On Mon, Apr 03, 2017 at 04:17:13PM -0700, Wim Lewis wrote:

> I'm trying to provision a client with a wildcard certificate[1]. I
> followed the procedure outlined in [2], but I'm not receiving the
> certificate I expect. The certificate's subject DN contains a
> wildcard string, but the SAN does not. Since the SAN, not the
> subject name, is the relevant part of the certificate [3], this
> isn't the right certificate.
> What I want is a certificate with two SAN entries, a dNSName for
> "blah.example.com" and another dNSName for "*.blah.example.com".
> But if I request the additional SAN (by passing "-D
> 'blah.example.com' -D '*.blah.example.com'" to getcert) then the
> request fails:
>       ca-error: Server at https://ipa.example.com/ipa/xml failed
>       request, will retry: 4001 (RPC failed at server.  The
>       service principal for subject alt name *.blah.example.com in
>       certificate request does not exist).
> How do I tell FreeIPA that it is OK for it to issue a cert with an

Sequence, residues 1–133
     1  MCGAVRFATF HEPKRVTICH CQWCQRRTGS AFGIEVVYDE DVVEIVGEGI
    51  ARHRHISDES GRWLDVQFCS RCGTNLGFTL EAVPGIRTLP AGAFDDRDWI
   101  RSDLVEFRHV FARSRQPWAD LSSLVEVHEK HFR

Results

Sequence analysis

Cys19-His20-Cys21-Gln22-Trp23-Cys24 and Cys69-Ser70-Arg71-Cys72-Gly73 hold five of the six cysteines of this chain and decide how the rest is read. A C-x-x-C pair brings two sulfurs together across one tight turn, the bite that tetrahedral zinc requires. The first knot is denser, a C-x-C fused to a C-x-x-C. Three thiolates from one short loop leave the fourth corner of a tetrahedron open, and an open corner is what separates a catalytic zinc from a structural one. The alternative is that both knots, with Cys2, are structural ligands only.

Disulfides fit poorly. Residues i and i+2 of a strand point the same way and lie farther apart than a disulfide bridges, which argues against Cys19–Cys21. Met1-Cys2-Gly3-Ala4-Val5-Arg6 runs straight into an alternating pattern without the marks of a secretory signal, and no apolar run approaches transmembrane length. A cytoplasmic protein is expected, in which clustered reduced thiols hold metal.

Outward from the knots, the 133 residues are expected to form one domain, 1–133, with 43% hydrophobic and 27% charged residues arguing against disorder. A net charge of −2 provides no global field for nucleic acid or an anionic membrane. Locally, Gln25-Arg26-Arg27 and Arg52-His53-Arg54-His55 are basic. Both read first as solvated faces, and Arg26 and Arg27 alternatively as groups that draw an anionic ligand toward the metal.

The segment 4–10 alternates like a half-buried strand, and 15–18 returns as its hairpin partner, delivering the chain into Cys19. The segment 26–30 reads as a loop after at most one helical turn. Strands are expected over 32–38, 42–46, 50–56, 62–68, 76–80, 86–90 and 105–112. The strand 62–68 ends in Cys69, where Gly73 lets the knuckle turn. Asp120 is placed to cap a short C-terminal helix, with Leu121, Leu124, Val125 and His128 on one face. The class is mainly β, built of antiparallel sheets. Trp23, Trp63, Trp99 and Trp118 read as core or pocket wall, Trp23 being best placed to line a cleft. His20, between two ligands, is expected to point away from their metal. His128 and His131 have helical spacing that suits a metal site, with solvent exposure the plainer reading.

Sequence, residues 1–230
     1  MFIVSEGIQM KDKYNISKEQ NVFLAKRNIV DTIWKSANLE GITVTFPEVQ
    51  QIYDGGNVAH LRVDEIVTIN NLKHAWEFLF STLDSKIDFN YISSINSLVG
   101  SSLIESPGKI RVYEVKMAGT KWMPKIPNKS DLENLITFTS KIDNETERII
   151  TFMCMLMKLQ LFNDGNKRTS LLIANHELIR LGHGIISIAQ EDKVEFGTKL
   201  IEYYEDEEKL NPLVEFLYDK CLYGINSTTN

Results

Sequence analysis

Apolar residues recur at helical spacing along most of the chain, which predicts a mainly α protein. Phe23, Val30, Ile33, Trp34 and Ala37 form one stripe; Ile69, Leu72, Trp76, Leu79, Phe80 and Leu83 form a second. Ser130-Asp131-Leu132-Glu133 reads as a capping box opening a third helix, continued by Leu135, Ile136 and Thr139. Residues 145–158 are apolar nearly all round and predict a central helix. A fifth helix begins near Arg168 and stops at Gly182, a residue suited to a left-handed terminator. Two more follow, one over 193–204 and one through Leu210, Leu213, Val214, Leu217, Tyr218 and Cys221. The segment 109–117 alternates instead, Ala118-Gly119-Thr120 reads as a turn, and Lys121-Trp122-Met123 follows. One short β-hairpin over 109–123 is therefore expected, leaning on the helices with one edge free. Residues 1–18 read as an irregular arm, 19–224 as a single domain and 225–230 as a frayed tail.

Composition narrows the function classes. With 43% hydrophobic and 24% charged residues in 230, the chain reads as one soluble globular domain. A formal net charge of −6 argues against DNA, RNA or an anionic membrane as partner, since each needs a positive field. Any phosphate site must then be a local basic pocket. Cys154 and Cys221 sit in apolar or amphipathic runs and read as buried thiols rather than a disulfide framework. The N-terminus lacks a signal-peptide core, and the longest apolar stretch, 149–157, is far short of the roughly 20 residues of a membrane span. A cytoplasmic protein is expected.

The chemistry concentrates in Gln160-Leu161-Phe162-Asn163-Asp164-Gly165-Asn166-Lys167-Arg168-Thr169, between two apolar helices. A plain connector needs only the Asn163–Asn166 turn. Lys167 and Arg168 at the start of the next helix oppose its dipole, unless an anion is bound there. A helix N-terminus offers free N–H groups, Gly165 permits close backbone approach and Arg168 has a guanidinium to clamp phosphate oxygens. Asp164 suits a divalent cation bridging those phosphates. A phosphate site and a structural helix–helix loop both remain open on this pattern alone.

> additional SAN to my host principal?

The only way is to create a profile that hard-codes the desired SAN
data, then use that profile.

The observed behaviour is because FreeIPA's CSR processing checks
that all SAN values present in the CSR actually correspond to the
indicated subject principal(s).  In your case, there is no principal
that has a wildcard in its name, so the cert request gets rejected.

We are not planning to change FreeIPA to support wildcard dnsNames
in SAN.  More commentary below.

> [1] Why am I using a wildcard certificate despite it being easy to
> issue certs from FreeIPA? I'm using it with sandstorm.io, which
> creates a randomly named subdomain for essentially every session.
> This is a reasonable use of wildcard certificates, as I understand
> it, since all of the domains are served from the same process and
> no other domain can match the cert's wildcard - sandstorm owns the
> dns hierarchy under its root.
Is your instance publicly hosted?  Perhaps the sandstorm.io
developers could support ACME/Let's Encrypt so that certs can be
automatically acquired for each domain...

> [2] https://www.freeipa.org/page/Howto/Wildcard_certificates
> [3] See RFC6125 [B.2], based on RFC 2818, which describes what
> part of the certificate the browser should look at to see if the
> certificate matches the expected hostname. In short, as far as
> HTTPS is concerned, if there are DNS SANs, then the subject field
> of the server's certificate (and its CN) is irrelevant.
This is correct.

But see also ยง7.2 which states that wildcard certs are deprecated :)


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